Memory Functions Memory Is a Term Paper

Download this Term Paper in word format (.doc)

Note: Sample below may appear distorted but all corresponding word document files contain proper formatting

Excerpt from Term Paper:

..Educational psychologists have made rather extensive investigations of semantic (declarative) and procedural memory with respect to studying and theorizing about classroom learning and teaching....very little theoretical or empirical work has been conducted in educational psychology that has examined the episodic (experiential and autobiographical) memories of teachers and learners in relation to instructional interventions and students' learning from such interventions.

Martin 1993: 169-170)

Another memory theory that has become popular and may have significant educational distinction is the concept of working memory, or rapid access memory that is finite (such as the RAM of a computer and therefore cannot be stretched across to much stimulus or brain work to elicit memory of the core concepts.

Research on test anxiety and working memory suggests that performance deficits caused by test anxiety can be explained by the extent to which individuals are able to use their working memory capacity (Darke, 1988b; Eysenck, 1985). The working memory system has a finite capacity and deals with the transient processing and storage of information simultaneously at any point in time (Baddeley, 1986). In an evaluative situation, highly anxious people have less available working memory capacity for task solution than their low-anxious counterparts, because some portion of their processing capacity is taken up by the representation of test anxiety (e.g., worry), which leads to performance decrements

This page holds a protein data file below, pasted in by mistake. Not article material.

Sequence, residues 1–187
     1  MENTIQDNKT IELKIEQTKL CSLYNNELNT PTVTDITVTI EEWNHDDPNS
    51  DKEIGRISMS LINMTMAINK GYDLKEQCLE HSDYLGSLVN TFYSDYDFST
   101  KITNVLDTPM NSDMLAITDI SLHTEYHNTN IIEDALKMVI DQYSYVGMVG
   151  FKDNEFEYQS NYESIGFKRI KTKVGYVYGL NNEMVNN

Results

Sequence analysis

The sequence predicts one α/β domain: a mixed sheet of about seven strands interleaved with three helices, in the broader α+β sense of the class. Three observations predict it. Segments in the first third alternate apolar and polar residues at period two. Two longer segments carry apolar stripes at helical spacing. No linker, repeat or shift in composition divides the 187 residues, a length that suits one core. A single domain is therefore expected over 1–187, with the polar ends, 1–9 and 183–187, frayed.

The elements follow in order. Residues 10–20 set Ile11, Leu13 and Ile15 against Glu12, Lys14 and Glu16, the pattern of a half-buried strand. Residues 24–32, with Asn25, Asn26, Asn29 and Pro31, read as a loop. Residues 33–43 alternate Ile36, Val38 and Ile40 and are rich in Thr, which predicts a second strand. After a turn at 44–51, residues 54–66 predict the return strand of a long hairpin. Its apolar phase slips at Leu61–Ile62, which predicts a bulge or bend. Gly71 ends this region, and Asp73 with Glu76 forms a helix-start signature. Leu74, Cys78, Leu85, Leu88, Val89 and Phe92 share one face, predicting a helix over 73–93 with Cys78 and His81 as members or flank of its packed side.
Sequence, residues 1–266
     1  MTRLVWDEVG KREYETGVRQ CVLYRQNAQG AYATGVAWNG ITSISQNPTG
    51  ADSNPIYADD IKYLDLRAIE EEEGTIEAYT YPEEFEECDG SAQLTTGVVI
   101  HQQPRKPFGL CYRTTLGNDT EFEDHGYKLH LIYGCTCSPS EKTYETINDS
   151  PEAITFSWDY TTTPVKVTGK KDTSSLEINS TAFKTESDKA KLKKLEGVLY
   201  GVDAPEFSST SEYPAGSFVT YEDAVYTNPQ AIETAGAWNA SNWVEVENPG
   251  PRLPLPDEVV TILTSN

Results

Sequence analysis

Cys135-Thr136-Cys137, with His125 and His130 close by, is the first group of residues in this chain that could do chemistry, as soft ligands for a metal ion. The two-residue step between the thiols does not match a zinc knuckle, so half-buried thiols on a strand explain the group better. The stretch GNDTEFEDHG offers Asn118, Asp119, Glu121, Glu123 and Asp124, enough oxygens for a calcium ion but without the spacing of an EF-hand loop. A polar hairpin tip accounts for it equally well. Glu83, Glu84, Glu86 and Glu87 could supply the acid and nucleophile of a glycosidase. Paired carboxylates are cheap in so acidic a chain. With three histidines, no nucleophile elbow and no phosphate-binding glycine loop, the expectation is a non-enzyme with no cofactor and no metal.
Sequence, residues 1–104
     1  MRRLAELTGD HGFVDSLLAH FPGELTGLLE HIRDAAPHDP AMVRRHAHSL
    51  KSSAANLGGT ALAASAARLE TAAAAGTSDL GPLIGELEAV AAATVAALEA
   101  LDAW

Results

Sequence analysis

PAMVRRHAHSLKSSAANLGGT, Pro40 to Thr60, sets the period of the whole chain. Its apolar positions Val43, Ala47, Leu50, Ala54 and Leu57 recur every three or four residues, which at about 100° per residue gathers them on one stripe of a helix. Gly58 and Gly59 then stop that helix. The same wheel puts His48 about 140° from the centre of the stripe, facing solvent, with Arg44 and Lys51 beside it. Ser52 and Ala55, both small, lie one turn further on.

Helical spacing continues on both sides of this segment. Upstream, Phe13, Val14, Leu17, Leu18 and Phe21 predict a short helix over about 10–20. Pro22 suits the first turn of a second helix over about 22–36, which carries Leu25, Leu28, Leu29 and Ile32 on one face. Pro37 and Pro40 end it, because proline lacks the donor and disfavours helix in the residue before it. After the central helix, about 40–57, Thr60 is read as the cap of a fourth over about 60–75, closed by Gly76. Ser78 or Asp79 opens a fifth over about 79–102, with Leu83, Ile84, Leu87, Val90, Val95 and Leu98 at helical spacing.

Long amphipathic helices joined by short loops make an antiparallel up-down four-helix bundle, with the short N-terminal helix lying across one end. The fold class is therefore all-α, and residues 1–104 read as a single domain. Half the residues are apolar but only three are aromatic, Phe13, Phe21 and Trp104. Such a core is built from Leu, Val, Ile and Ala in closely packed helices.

Lee 1999:218-219)

Test anxiety is not the only context in which the working memory theory can be validated. Reading comprehension is also an area where working memory theory assists the educator in a better understanding of working memory. Potentially thinking of over stimulation or under stimulation as factors effecting working memory would also be significant in exploration.

As conceptualized by Baddeley, specifically, the working memory has three major components, an executive and two storage systems, which are the articulatory loop and a visual-spatial scratch pad (Baddeley, 1981; Baddeley & Hitch, 1974).

Das 1989:101)

Not least in the understanding of memory and learning is the concept that brain chemical functioning is essential. Feeding the brain the right kind of chemicals therefore becomes an important aspect of education.

Recent experimental studies on children demonstrate that breakfast consumption positively benefits undernourished children's cognitive performance (Pollitt, 1995). Students seem to achieve higher levels of academic performance when they consistently eat breakfast....It also has been suggested that a child's brain function and memory are sensitive to the effects of an overnight fast as well as to nutrient deficiencies (Pollitt, 1995). One study showed that in schools that serve breakfast, students' academic scores increased and their discipline problems decreased (Matsumoto, 1998).

Antoine, Donald & Cox 2003: 230)

Other researchers also indicate that certain forms of nutrition are better than others for the formation of healthy memory skills, including the more specific association of protein and certain elemental nutrients, as apposed to high fat content diets was the best kind of food for the brain.